Nikon and Olympus reinvent autofocus so you can grab better action shots
Digital SLRs shoot as fast as machine guns, but all those pictures are useless if they come out blurry. Autofocus often fails in low light and with quick-moving subjects such as athletes or toddlers. We pitted two cameras that promise faster, more accurate autofocus technologies against both each other and top competitors from Canon.
Packing 51 autofocus points (the most for an SLR), the D300 is designed to hold focus on a moving subject by tracking its color (say, a basketball player’s blue jersey). For example, users can lock the central focus point [A] on the player. If he darts to the edge of the frame, the camera passes the focusing off to another point [B] in a split second.
Each of the E-3’s 11 focus points has an extra row of pixels, shifted over from the first row by half a pixel (like layers in a brick wall). This lets the E-3 gather twice as much information, which it averages to create a more precise reading. By combining that system with new lens motors, Olympus claims to have the world’s fastest autofocus.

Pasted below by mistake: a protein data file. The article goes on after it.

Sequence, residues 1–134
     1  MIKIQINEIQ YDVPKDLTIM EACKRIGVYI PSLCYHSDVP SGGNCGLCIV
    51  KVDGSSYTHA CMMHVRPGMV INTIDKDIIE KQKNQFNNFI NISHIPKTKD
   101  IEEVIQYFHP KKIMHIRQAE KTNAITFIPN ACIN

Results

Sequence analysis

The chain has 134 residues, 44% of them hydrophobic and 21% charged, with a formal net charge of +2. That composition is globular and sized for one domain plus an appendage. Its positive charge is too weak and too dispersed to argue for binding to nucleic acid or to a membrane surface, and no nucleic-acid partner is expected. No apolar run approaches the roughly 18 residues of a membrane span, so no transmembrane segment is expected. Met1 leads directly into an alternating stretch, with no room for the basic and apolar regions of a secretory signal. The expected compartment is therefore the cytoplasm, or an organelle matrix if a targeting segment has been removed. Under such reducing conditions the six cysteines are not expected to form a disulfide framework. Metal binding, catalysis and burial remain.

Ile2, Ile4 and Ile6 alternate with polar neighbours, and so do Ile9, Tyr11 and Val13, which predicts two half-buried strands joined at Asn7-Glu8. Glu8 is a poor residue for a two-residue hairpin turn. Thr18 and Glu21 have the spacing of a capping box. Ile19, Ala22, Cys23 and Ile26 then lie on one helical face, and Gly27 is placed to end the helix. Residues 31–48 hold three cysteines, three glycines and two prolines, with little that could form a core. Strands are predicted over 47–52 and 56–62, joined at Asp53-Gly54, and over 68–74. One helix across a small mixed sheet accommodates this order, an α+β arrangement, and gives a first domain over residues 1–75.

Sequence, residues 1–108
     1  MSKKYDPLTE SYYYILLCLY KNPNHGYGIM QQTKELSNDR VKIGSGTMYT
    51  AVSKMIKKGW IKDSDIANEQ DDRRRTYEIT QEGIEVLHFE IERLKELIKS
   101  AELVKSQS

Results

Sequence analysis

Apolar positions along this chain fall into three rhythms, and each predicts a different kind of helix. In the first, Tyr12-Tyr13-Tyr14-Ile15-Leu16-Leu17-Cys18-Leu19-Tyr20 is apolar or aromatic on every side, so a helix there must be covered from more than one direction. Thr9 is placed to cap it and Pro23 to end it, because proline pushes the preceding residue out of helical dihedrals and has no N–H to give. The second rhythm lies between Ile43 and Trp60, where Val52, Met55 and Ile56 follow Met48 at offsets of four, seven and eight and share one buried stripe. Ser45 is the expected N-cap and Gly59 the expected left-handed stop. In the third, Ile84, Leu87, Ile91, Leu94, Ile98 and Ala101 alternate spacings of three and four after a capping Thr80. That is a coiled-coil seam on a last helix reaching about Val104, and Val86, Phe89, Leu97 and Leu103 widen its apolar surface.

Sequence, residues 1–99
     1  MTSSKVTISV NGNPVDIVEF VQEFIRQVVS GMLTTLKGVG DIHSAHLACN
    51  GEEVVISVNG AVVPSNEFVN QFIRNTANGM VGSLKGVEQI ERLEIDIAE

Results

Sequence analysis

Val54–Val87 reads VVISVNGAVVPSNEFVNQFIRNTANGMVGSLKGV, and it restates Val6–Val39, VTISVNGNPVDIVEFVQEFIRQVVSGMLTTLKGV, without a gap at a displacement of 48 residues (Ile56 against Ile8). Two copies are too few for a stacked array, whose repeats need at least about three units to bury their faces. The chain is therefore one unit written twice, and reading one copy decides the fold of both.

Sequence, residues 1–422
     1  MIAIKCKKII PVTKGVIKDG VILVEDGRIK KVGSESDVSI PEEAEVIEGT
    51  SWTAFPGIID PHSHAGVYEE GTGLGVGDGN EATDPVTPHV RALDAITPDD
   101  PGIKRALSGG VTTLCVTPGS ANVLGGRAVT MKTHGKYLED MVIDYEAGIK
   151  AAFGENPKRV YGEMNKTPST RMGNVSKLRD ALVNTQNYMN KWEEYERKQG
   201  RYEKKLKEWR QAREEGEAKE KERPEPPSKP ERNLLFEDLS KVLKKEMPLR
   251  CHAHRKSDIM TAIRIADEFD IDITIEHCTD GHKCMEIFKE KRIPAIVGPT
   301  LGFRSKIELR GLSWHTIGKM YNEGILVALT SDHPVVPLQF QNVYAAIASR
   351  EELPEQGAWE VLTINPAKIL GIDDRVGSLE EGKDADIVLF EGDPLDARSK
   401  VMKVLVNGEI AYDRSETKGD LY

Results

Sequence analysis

To gauge autofocus in dim settings, we shot various targets at several light levels. To test with motion, we photographed a person walking toward us, first straight-on and then zigzagging. To measure speed, we rapidly alternated between focusing on two subjects at different distances. And to compare Nikon and Olympus with a range of competitors, we also tested Canon’s 40D ($1,300) and 1Ds Mark III ($8,000).
The Nikon D300 matched the high-end Canon 1Ds Mark III and slightly outperformed the other cameras in low light, making it a good choice for shooting indoors or at twilight. The focus tracking worked as promised. The D300 didn’t feel fast in our speed tests, but when we tallied the number of shots that actually came out sharp, it scored a bit better than the Canon 40D and far ahead of the Olympus E-3. The 1Ds Mark III trounced all competitors.